Since having major surgery one year, three months and twelve days ago (not that I'm counting) and subsequently receiving my diagnosis, I haven't read a newspaper or watched the news.
This may horrify readers - how can I opt out of current affairs, do I not care what is happening in the world and how it affects me?
Quite frankly, I have more important things to worry about than the idiots who are being elected into power or the ridiculous results of slim majority decision and popular vote!
It's not that I don't care about the plight of others in the world, but I have my own personal plight, as selfish as that may sound.
My hysterectomy took place exactly a week after 52% of the UK population took the radical decision to vote for our country to leave the European Union. Despite having many other more pressing and urgent matters on my mind - 10% chance that my Borderline Ovarian Cyst would be malignant - I exercised my democratic right and voted to stay in the EU. I thought my vote might make a difference but I now wish I'd stayed at home and packed my hospital bag!
As the referendum results filtered through, the realisation dawned on me that not only was the world at large changing, but my life was about to as well. By that point, I had already started glazing over at the mere mention of politics, not having the headspace for that and the very real possibility of ill health.
As I came out of my general anesthetic, woozy on morphine, the surgeon delivered his news. Like a town crier, ringing his ominous bell, he announced
"oh yay, oh yay, disease was found on your ovaries, womb, fallopian tubes and omentum".
These became the only headlines that now mattered to me. And the only news which made any sense to me from that point on was recovery followed by survival.
A few weeks later, I sat in the surgeon's office to receive further news - my confirmed diagnosis following biopsy of what had been removed from my now pretty empty abdominal cavity:
Headline: stage three high grade serous ovarian cancer
Lead story: chemotherapy
Everything became very uncertain for me at that point and my world became very small indeed, revolving purely around me and my impending journey.
I knew I had to - and wanted to - remain positive. In order to do so, I had to remove any negativity from my life.
Newspapers, news programmes and websites are harbingers of doom and gloom. Whilst they serve a purpose of keeping us informed, they do so with an enormous amount of cynicism and negative opinion. Has it always been like this?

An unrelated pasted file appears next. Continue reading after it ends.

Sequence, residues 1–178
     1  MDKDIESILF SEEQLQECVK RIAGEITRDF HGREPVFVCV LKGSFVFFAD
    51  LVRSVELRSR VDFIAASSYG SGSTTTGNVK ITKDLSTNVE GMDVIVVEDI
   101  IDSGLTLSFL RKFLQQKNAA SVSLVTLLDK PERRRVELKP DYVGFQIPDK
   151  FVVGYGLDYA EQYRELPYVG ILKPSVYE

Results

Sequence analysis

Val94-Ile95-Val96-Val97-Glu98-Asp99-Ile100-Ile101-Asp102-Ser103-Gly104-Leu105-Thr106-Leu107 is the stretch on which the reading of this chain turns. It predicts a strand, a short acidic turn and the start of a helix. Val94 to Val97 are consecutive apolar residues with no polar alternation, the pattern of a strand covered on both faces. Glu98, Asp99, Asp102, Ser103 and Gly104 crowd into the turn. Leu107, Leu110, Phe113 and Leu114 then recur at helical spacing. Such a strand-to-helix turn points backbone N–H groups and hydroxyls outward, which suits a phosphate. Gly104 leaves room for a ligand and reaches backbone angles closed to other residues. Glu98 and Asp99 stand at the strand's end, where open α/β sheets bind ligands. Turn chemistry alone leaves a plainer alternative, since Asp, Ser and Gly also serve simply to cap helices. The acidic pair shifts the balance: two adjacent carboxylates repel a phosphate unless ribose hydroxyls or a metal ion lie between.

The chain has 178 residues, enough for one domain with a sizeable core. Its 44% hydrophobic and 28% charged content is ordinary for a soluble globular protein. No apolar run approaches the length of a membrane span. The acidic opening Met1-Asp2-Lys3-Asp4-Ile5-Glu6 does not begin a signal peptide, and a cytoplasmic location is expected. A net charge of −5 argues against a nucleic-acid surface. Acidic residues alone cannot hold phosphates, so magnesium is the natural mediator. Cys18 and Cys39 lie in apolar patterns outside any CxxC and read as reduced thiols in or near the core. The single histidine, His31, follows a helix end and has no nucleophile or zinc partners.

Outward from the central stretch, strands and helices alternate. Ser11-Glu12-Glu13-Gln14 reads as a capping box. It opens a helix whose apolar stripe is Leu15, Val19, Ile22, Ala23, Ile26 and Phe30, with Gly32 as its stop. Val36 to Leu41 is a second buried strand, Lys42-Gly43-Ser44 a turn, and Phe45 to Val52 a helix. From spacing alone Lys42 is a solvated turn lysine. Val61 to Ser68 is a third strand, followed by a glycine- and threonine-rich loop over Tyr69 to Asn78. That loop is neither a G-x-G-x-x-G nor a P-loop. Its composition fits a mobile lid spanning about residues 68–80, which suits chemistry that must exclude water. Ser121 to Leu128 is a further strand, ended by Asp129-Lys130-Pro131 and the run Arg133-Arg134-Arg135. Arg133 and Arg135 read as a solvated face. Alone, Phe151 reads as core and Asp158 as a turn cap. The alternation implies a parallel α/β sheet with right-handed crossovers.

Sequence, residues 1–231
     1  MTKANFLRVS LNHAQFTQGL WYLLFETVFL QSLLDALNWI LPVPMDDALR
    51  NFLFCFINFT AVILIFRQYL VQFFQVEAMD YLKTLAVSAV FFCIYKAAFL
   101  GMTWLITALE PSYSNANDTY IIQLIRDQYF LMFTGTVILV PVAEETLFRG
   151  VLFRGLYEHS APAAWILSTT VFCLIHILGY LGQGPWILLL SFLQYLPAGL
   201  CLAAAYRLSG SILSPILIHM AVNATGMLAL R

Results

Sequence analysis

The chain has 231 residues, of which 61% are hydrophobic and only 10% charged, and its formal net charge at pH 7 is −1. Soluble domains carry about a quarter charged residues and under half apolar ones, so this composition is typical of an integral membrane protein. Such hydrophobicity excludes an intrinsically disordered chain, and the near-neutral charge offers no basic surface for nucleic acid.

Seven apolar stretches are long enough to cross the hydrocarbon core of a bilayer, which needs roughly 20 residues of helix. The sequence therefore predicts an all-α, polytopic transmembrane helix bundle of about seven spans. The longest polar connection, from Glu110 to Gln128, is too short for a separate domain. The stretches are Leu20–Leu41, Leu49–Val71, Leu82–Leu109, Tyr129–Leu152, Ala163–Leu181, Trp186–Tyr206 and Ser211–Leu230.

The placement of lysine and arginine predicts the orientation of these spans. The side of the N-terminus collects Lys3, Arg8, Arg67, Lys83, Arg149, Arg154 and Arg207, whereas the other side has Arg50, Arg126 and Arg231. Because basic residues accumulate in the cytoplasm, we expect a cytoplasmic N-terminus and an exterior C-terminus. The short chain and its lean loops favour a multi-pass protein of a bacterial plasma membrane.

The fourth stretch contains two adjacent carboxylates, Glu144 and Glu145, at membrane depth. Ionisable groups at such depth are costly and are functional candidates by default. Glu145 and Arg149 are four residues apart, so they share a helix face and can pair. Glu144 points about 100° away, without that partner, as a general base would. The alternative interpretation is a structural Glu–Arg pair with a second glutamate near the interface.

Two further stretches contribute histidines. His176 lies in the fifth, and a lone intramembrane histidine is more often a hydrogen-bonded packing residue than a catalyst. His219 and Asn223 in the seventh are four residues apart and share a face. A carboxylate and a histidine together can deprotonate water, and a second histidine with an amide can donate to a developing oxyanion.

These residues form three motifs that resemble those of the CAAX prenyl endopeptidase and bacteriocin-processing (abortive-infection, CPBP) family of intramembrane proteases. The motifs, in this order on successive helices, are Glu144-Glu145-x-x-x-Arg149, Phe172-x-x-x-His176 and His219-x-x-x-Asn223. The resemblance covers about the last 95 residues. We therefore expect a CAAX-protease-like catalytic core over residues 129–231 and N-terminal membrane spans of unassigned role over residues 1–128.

It seems that rather than focusing on the advantages of one point of view, reporters will highlight the disadvantages of the other point of view. A political leader doesn't declare what their manifesto is, but decries the actions of the opposition. Front pages are full of no, not, never, won't, can't and don't words.
I quickly accepted I have a chronic long term condition which will be managed with drugs. I am fully aware that I have a disease which may shorten my life. I therefore do not need this life to be sullied by political mud-slinging, name-calling, finger-pointing and whatever other playground tactics people in power have stooped to using. I want to enjoy the life I have without worrying about the free world being run by an megalomaniacal orang-utan (I know that much, it's difficult to escape!)
I still have the newspapers delivered at the weekend but...
...it has been 469 days since I picked up the main section and read it cover to cover.
...it has been 67 weeks since I turned on the television and made a conscious decision to watch the news.
...it has been 15 months since I opted out of current affairs and focussed on affairs that are current to me and my health.
I am an avid social media user so unless I unfriend and unfollow all my friends and family on Facebook and Twitter, I can't avoid the news completely. I am interested to read my friends' views and opinions but often, I have no idea to what they are referring. If it interests me enough, I'll follow it up.
I hope you will understand why the only sections of the weekend papers I read are travel, home, weekend review and the magazines. Prince Charming and I also snuggle down on a Sunday evening and exercise our grey matter by tackling the crosswords.
So don't attempt to strike up a conversation with me about something that is happening in the world, don't expect any insightful political opinion from me and don't hold your breath for a heated debate.
Hold the front page - I receive more than enough news of my own and it's always an exclusive!
Watch this space...